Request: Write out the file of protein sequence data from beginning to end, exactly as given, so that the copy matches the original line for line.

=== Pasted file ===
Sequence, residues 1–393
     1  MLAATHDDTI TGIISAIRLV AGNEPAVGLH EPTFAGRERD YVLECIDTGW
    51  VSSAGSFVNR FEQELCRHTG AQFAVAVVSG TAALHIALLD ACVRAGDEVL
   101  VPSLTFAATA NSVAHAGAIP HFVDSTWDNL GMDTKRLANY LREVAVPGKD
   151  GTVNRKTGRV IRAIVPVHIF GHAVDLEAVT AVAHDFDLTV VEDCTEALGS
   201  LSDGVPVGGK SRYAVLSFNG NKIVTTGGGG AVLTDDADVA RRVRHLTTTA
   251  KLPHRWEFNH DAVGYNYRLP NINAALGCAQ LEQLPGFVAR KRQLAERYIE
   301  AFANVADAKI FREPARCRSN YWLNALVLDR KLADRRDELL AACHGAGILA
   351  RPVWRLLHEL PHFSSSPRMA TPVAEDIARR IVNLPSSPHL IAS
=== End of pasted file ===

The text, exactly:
Sequence, residues 1–393
     1  MLAATHDDTI TGIISAIRLV AGNEPAVGLH EPTFAGRERD YVLECIDTGW
    51  VSSAGSFVNR FEQELCRHTG AQFAVAVVSG TAALHIALLD ACVRAGDEVL
   101  VPSLTFAATA NSVAHAGAIP HFVDSTWDNL GMDTKRLANY LREVAVPGKD
   151  GTVNRKTGRV IRAIVPVHIF GHAVDLEAVT AVAHDFDLTV VEDCTEALGS
   201  LSDGVPVGGK SRYAVLSFNG NKIVTTGGGG AVLTDDADVA RRVRHLTTTA
   251  KLPHRWEFNH DAVGYNYRLP NINAALGCAQ LEQLPGFVAR KRQLAERYIE
   301  AFANVADAKI FREPARCRSN YWLNALVLDR KLADRRDELL AACHGAGILA
   351  RPVWRLLHEL PHFSSSPRMA TPVAEDIARR IVNLPSSPHL IAS